If you were absent from Omaha all summer, the daily gave you a measure of the rising Missouri River in a series of photos that showed the flood water climbing ever higher on the Salute to Labor statue of workmen, a site seen from Rick’s Boatyard Café.

            So it was good to hear that you won’t need a canoe or even hip waders to catch Manya and Randy Nogg’s new interactive mystery at their River Front Theater at the now high and nearly dry restaurant. Instead, Theater-to-Go invites you to wear prohibition era attire as long as you leave your gat at the door.

            Murder at the Calumet Social Club plays at 7:30 p.m. Friday, Sept. 2 only. Call 402.345.4545 for information.

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The plays scheduled this season by theaters in Omaha, Bellevue, Council Bluffs and our other neighbors are the usual promising mix of mainstream and offbeat, of comedy and drama plus familiar and new musicals. You’ll read all about these offerings in a longer article.

            But it was probably too much to expect that Required Reading for Girls, the fascinating script by Omahan Ellen Struve, would land in a local lineup so soon after wowing a packed room at the Great Plains Theatre Conference play labs. I reported at the time that a highly respected member of the theater community commented that it would be great for the Omaha Community Playhouse, which suggests its appeal to a broad audience.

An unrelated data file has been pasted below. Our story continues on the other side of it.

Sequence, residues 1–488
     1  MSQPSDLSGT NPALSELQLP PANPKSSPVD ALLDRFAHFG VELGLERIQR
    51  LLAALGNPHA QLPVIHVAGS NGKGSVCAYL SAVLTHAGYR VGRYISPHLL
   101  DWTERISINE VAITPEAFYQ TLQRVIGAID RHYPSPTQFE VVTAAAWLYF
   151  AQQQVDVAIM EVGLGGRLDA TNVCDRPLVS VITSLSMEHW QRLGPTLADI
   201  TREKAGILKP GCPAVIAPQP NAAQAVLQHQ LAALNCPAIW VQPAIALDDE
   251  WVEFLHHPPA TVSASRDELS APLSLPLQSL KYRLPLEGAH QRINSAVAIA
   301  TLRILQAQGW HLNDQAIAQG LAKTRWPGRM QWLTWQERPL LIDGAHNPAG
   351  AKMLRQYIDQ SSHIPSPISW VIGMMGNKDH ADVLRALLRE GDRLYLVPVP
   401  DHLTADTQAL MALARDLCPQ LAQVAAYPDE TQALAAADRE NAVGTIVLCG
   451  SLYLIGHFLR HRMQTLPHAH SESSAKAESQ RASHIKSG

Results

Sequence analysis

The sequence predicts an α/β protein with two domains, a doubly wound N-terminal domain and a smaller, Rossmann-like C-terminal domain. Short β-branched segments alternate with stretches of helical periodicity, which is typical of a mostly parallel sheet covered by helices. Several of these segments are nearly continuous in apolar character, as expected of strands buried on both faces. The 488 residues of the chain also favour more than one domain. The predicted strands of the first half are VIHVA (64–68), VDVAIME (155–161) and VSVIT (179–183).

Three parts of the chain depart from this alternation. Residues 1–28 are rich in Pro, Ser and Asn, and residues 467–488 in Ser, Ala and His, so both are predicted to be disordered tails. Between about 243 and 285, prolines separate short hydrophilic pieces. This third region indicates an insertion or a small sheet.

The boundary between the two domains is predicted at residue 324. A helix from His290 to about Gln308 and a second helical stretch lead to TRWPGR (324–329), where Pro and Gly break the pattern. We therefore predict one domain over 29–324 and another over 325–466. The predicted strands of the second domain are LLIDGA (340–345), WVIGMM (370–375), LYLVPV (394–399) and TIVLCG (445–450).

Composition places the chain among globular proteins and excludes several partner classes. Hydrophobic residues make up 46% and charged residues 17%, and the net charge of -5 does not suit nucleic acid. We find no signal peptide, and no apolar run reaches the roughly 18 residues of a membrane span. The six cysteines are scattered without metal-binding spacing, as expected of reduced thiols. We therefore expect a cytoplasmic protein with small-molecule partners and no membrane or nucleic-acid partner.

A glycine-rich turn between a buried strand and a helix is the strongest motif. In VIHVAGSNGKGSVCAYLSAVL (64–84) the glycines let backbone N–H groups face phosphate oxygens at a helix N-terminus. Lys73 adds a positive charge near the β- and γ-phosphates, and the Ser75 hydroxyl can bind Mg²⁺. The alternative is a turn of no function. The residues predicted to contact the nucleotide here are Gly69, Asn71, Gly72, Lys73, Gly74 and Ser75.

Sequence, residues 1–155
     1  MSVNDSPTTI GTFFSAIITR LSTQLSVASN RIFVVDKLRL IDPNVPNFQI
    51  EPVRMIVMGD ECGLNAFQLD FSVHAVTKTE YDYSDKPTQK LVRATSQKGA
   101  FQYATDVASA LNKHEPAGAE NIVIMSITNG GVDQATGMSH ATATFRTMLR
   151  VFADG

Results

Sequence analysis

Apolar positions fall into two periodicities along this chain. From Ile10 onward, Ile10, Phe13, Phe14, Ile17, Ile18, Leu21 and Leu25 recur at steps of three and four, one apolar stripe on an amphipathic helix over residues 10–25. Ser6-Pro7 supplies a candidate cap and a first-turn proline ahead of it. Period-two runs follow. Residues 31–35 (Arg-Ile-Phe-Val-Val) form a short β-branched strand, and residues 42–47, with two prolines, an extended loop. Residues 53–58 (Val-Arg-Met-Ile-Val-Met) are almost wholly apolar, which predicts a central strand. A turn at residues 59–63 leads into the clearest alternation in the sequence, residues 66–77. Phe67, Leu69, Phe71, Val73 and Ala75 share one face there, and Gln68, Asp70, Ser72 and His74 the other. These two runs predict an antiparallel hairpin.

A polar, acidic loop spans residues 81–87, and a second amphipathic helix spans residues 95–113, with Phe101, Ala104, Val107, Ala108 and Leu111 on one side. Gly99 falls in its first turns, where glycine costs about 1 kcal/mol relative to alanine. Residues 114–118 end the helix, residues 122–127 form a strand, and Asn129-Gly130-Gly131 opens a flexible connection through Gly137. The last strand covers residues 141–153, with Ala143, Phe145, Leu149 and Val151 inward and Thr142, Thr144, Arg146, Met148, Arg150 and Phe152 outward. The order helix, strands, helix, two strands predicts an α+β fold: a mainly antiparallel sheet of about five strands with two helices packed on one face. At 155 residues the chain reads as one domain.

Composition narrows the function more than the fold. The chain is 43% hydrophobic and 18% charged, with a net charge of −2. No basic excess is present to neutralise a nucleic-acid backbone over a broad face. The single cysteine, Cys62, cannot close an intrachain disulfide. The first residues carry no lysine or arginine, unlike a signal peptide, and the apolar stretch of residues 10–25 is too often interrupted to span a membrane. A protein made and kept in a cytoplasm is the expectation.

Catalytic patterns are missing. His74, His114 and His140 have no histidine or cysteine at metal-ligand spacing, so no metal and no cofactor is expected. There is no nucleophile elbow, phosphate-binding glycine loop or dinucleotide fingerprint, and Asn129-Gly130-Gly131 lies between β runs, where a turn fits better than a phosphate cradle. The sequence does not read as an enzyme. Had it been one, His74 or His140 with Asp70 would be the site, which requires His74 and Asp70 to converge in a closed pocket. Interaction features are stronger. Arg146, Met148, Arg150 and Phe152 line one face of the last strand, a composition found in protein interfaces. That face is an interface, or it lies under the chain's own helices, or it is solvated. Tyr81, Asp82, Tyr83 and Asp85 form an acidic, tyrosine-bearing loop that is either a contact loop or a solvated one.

Her plays have been produced by the Shelterbelt Theatre and on the main stage at the Great Plains event, and by other theaters in the East and Midwest. To summarize Required Reading for Girls risks making it sound a little silly, but ask anyone who saw its staged reading by a talented cast and you’re likely to hear how well it works to have Heidi, Anne of Green Gables, the Little Princess and Nancy Drew show up in the home of a mother afflicted with cancer as she’s visited by two adult daughters.

            It isn’t kid stuff. It’s the play that left one of the critics almost unable to offer the usual critique as she coped with powerful emotions inspired by Struve’s script.

                                                            —Warren Francke

Cold Cream looks at theater in the metro area. Email information to coldcream@thereader.com.


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